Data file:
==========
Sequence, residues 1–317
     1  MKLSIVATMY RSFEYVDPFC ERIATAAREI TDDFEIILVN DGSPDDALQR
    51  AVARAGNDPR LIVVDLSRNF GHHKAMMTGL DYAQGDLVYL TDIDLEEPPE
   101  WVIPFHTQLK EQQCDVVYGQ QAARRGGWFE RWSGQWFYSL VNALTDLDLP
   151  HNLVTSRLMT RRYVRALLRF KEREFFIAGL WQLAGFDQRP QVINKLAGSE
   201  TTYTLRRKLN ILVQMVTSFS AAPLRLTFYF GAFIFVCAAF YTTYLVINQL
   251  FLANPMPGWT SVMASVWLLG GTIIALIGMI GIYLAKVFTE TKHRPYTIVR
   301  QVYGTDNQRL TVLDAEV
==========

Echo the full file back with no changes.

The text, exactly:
Sequence, residues 1–317
     1  MKLSIVATMY RSFEYVDPFC ERIATAAREI TDDFEIILVN DGSPDDALQR
    51  AVARAGNDPR LIVVDLSRNF GHHKAMMTGL DYAQGDLVYL TDIDLEEPPE
   101  WVIPFHTQLK EQQCDVVYGQ QAARRGGWFE RWSGQWFYSL VNALTDLDLP
   151  HNLVTSRLMT RRYVRALLRF KEREFFIAGL WQLAGFDQRP QVINKLAGSE
   201  TTYTLRRKLN ILVQMVTSFS AAPLRLTFYF GAFIFVCAAF YTTYLVINQL
   251  FLANPMPGWT SVMASVWLLG GTIIALIGMI GIYLAKVFTE TKHRPYTIVR
   301  QVYGTDNQRL TVLDAEV